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How Code Review Saves You Time

Editorial note: I originally wrote this post for the SmartBear blog.  Check out the original here, at their site.  While you’re there, take a look around at their offering.

Physical labor is one of the most strangely enduring mental models for knowledge work.  Directors and managers of software development the world over reactively employ it when nudged out of their comfort zones, for instance.  “What do you mean ‘pair programming’ — we’ll get half of the work done for the same payout in salary!”  And that’d be a reasonable argument if the value of software were measured in “characters typed per minute.”

WorkHarder

Most of the skepticism of activities like unit testing and code review originates from this same “knowledge work as labor” confusion.  The core value of software resides in the verbatim contents of the source code files, so stuffing all of the features in them ahead of the deadline is critical.  Testing and reviewing are “nice-to-haves”, time and budget permitting.

The classic response from people arguing for these practices is thus one of worth.  It goes something like this: “sure, you can cut those activities, but your quality will dip and there will be more escaped defects.”  In other words, these ‘extra’ activities pay for themselves by making your outfit look less amateurish.  That argument often works, but not always.  Some decision-makers, backs truly to the wall, say “I don’t care about quality — my job depends on shipping on June 19th, and we’re GOING to ship on June 19th, whether it’s a finished product or whether it’s a bag of broken kazoos and cyanide with a bow on it.”

I’d like to take a different tack today and fight a time argument with time arguments.  Instead of “sure, code reviews take extra time but they’re worth it,” I’d like to explore ways that they actually save time.  Whether they save more time than take is going to vary widely by situation, so please don’t mistake my intent; I’m not looking to argue that they’ll save you net time, but rather that they are not exclusively an investment of time.

Others’ Time

If your organization is largely silo-ed, this might not immediately occur to you, but the organization pays salary to folks other than the software developers, including testers, operations people, helpdesk, field support, etc.  And because it pays these salaries, the organization cares how those people spend their time.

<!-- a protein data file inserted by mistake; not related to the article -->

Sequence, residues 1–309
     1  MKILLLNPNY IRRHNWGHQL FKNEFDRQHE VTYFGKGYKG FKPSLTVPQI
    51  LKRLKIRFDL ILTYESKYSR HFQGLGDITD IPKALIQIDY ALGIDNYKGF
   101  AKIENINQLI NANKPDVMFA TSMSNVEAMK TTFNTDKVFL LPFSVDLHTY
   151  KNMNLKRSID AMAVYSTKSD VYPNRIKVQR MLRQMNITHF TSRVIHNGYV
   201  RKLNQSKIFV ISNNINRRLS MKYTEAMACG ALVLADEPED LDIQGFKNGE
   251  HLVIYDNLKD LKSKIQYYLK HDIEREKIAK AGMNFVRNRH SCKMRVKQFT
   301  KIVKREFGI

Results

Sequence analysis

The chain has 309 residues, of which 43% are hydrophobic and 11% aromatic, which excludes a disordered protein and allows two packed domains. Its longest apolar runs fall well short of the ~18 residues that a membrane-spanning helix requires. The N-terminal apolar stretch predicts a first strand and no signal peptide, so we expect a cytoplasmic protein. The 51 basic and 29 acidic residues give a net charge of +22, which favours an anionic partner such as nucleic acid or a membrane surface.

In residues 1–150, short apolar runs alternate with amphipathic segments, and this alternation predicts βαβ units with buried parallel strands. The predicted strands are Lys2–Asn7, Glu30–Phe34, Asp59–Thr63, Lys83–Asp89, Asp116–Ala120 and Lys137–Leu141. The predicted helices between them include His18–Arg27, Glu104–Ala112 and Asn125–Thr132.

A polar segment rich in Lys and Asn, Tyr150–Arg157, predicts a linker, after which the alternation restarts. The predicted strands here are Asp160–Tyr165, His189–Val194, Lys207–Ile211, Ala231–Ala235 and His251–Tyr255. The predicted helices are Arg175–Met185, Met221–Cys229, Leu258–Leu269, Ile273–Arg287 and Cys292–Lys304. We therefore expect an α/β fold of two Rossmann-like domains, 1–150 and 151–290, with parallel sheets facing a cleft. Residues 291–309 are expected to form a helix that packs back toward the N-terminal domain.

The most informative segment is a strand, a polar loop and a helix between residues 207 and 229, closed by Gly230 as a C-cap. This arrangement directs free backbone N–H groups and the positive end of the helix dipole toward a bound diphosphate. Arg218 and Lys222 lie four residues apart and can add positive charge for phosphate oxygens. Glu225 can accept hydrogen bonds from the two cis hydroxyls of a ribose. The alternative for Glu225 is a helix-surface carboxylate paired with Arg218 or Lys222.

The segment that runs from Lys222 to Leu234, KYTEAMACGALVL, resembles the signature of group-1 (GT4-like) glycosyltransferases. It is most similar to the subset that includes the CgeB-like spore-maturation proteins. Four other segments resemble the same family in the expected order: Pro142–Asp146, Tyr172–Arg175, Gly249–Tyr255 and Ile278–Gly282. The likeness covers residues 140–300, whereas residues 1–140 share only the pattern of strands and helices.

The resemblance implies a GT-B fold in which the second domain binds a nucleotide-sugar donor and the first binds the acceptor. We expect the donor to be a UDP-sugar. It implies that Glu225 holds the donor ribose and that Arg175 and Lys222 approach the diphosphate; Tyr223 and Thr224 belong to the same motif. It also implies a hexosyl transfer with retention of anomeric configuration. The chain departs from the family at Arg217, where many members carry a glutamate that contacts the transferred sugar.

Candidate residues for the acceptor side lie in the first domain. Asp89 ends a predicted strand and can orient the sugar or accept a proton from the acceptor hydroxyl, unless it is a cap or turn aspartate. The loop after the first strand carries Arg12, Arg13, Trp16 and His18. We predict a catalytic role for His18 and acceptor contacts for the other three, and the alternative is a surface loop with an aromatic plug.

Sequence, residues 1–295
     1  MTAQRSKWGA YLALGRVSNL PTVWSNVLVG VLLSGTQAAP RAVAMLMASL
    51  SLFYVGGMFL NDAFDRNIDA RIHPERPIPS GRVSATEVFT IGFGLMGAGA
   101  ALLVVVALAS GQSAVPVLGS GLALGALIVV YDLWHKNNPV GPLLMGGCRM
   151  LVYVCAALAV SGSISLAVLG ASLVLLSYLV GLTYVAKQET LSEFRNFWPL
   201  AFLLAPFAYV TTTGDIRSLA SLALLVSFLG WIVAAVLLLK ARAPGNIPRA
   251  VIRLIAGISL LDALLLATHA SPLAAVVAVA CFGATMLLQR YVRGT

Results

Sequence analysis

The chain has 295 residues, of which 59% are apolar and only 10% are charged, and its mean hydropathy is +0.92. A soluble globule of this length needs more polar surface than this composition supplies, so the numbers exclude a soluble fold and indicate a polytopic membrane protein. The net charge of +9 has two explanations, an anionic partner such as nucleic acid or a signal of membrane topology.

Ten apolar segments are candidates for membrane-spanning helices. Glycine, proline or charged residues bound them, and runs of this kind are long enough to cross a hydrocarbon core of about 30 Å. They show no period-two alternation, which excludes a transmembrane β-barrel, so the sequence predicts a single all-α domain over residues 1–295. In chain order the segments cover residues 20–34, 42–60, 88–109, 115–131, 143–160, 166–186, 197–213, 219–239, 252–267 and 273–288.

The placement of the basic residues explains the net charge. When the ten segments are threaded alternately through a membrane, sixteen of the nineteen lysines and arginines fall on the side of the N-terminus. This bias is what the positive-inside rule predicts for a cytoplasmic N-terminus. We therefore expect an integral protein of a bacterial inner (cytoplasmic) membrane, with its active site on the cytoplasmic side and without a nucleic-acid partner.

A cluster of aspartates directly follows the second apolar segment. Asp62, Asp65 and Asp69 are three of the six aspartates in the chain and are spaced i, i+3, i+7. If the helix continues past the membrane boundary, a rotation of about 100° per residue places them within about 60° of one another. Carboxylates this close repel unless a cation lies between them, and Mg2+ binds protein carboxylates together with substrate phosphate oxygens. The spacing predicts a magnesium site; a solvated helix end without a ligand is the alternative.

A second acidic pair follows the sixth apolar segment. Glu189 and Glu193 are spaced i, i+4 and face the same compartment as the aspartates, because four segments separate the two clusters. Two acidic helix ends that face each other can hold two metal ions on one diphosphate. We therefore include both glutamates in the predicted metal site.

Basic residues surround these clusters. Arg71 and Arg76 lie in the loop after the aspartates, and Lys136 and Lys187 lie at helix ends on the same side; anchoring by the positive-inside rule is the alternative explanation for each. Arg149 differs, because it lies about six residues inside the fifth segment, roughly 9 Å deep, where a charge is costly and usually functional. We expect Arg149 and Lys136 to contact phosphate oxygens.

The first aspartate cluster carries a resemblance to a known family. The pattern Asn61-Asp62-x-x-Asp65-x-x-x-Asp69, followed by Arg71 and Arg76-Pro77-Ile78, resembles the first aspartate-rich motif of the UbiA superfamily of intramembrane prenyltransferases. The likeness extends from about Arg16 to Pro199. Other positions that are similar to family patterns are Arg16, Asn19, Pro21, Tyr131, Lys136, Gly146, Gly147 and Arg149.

If you code up a defect that escapes into production, then yes, you (or someone in your group) are going to spend time fixing it.  And, yes, it’ll probably take you longer to fix the later you catch it.  But it will also take a lot more than just you or one of your cohorts to fix it.  There’s the helpdesk tech that fields the call and spends time with the customer trying to reproduce it.  There are the tier 2 and 3 people to whom the issues is escalated, and the operations folks with whom they work to see if the problem can be addressed with a configuration management approach.  On the other side of it, assuming code changes are necessary, there is the tester that has to validate the fix in each environment as it’s promoted.

Contrast this with what happens if a code review catches this bug.  The reduction in the dev team’s time to fix is a drop in the bucket compared to the holistic savings from all of the people I’ve mentioned not having to do any work on this at all.

Bob’s Vacation

I hear a lot of companies talk about “bus factor,” which is a macabre visual for the degree to which team members have special, bottleneck-creating knowledge.  “Oh, that’s Bob’s section of the code, and he’s the only one that should touch it” is a classic symptom of a group with a high bus factor.  Code review dramatically mitigates this by promoting collective code ownership.

But forget for a moment about “bus factor” and let’s consider the more benign “vacation factor.”  If Bob is hit by a bus, everyone knows what to do the next day — they immediately start everyone on a crash course in Bob’s code.  But if Bob goes to Bermuda for 2 weeks, not so much.

I’ve seen heavily silo-ed groups completely alter project schedules because Bob has a vacation scheduled.  “Oh, there’s no way the new feature set goes out in August as planned because, remember, Bob always takes his vacation in late July.”  The business loses 2 weeks of calendar time to Bob’s specialized knowledge.  In a world with routine code review, things don’t go this way, and you get those two weeks back.

Onboarding

Collective code ownership helps not only when people go on vacation, but when new people start with the team as well.  A team in the regular habit of sharing knowledge will be able to bring a newbie up to speed much, much faster.